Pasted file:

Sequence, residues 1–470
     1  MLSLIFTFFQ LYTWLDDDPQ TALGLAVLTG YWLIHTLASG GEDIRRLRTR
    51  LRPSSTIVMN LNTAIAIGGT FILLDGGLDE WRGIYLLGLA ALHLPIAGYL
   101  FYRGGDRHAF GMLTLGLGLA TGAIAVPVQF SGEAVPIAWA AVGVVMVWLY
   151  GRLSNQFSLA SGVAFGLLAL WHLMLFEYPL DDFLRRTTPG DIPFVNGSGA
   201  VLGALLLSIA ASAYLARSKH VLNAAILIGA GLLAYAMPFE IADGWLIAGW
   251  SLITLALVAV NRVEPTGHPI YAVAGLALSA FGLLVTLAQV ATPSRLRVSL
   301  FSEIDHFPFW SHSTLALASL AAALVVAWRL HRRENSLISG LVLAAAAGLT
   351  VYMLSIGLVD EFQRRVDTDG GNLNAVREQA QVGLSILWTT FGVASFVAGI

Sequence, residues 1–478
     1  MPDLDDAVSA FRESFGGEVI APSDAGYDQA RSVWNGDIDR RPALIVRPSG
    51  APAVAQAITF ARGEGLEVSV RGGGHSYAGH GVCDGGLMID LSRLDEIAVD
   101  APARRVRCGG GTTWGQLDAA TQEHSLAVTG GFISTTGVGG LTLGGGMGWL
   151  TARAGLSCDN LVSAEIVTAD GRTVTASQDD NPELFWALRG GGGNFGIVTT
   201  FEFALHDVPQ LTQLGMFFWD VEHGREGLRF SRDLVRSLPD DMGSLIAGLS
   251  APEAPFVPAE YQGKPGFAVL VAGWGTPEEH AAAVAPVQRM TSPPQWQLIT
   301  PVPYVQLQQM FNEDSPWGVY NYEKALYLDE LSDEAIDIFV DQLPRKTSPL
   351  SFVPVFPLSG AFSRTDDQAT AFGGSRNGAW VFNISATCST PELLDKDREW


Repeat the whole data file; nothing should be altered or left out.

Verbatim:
Sequence, residues 1–470
     1  MLSLIFTFFQ LYTWLDDDPQ TALGLAVLTG YWLIHTLASG GEDIRRLRTR
    51  LRPSSTIVMN LNTAIAIGGT FILLDGGLDE WRGIYLLGLA ALHLPIAGYL
   101  FYRGGDRHAF GMLTLGLGLA TGAIAVPVQF SGEAVPIAWA AVGVVMVWLY
   151  GRLSNQFSLA SGVAFGLLAL WHLMLFEYPL DDFLRRTTPG DIPFVNGSGA
   201  VLGALLLSIA ASAYLARSKH VLNAAILIGA GLLAYAMPFE IADGWLIAGW
   251  SLITLALVAV NRVEPTGHPI YAVAGLALSA FGLLVTLAQV ATPSRLRVSL
   301  FSEIDHFPFW SHSTLALASL AAALVVAWRL HRRENSLISG LVLAAAAGLT
   351  VYMLSIGLVD EFQRRVDTDG GNLNAVREQA QVGLSILWTT FGVASFVAGI

Sequence, residues 1–478
     1  MPDLDDAVSA FRESFGGEVI APSDAGYDQA RSVWNGDIDR RPALIVRPSG
    51  APAVAQAITF ARGEGLEVSV RGGGHSYAGH GVCDGGLMID LSRLDEIAVD
   101  APARRVRCGG GTTWGQLDAA TQEHSLAVTG GFISTTGVGG LTLGGGMGWL
   151  TARAGLSCDN LVSAEIVTAD GRTVTASQDD NPELFWALRG GGGNFGIVTT
   201  FEFALHDVPQ LTQLGMFFWD VEHGREGLRF SRDLVRSLPD DMGSLIAGLS
   251  APEAPFVPAE YQGKPGFAVL VAGWGTPEEH AAAVAPVQRM TSPPQWQLIT
   301  PVPYVQLQQM FNEDSPWGVY NYEKALYLDE LSDEAIDIFV DQLPRKTSPL
   351  SFVPVFPLSG AFSRTDDQAT AFGGSRNGAW VFNISATCST PELLDKDREW